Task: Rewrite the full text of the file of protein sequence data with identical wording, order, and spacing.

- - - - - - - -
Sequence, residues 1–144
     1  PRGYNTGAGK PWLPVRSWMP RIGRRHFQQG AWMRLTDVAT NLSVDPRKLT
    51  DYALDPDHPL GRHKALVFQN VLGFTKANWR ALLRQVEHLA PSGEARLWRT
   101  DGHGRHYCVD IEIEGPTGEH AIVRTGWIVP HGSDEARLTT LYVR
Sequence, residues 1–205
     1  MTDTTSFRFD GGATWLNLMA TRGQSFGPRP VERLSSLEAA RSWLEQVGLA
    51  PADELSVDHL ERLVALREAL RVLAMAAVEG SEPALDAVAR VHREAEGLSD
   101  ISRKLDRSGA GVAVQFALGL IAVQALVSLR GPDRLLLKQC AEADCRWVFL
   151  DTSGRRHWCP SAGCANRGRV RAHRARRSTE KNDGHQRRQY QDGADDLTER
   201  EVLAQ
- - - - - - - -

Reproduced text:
Sequence, residues 1–144
     1  PRGYNTGAGK PWLPVRSWMP RIGRRHFQQG AWMRLTDVAT NLSVDPRKLT
    51  DYALDPDHPL GRHKALVFQN VLGFTKANWR ALLRQVEHLA PSGEARLWRT
   101  DGHGRHYCVD IEIEGPTGEH AIVRTGWIVP HGSDEARLTT LYVR
Sequence, residues 1–205
     1  MTDTTSFRFD GGATWLNLMA TRGQSFGPRP VERLSSLEAA RSWLEQVGLA
    51  PADELSVDHL ERLVALREAL RVLAMAAVEG SEPALDAVAR VHREAEGLSD
   101  ISRKLDRSGA GVAVQFALGL IAVQALVSLR GPDRLLLKQC AEADCRWVFL
   151  DTSGRRHWCP SAGCANRGRV RAHRARRSTE KNDGHQRRQY QDGADDLTER
   201  EVLAQ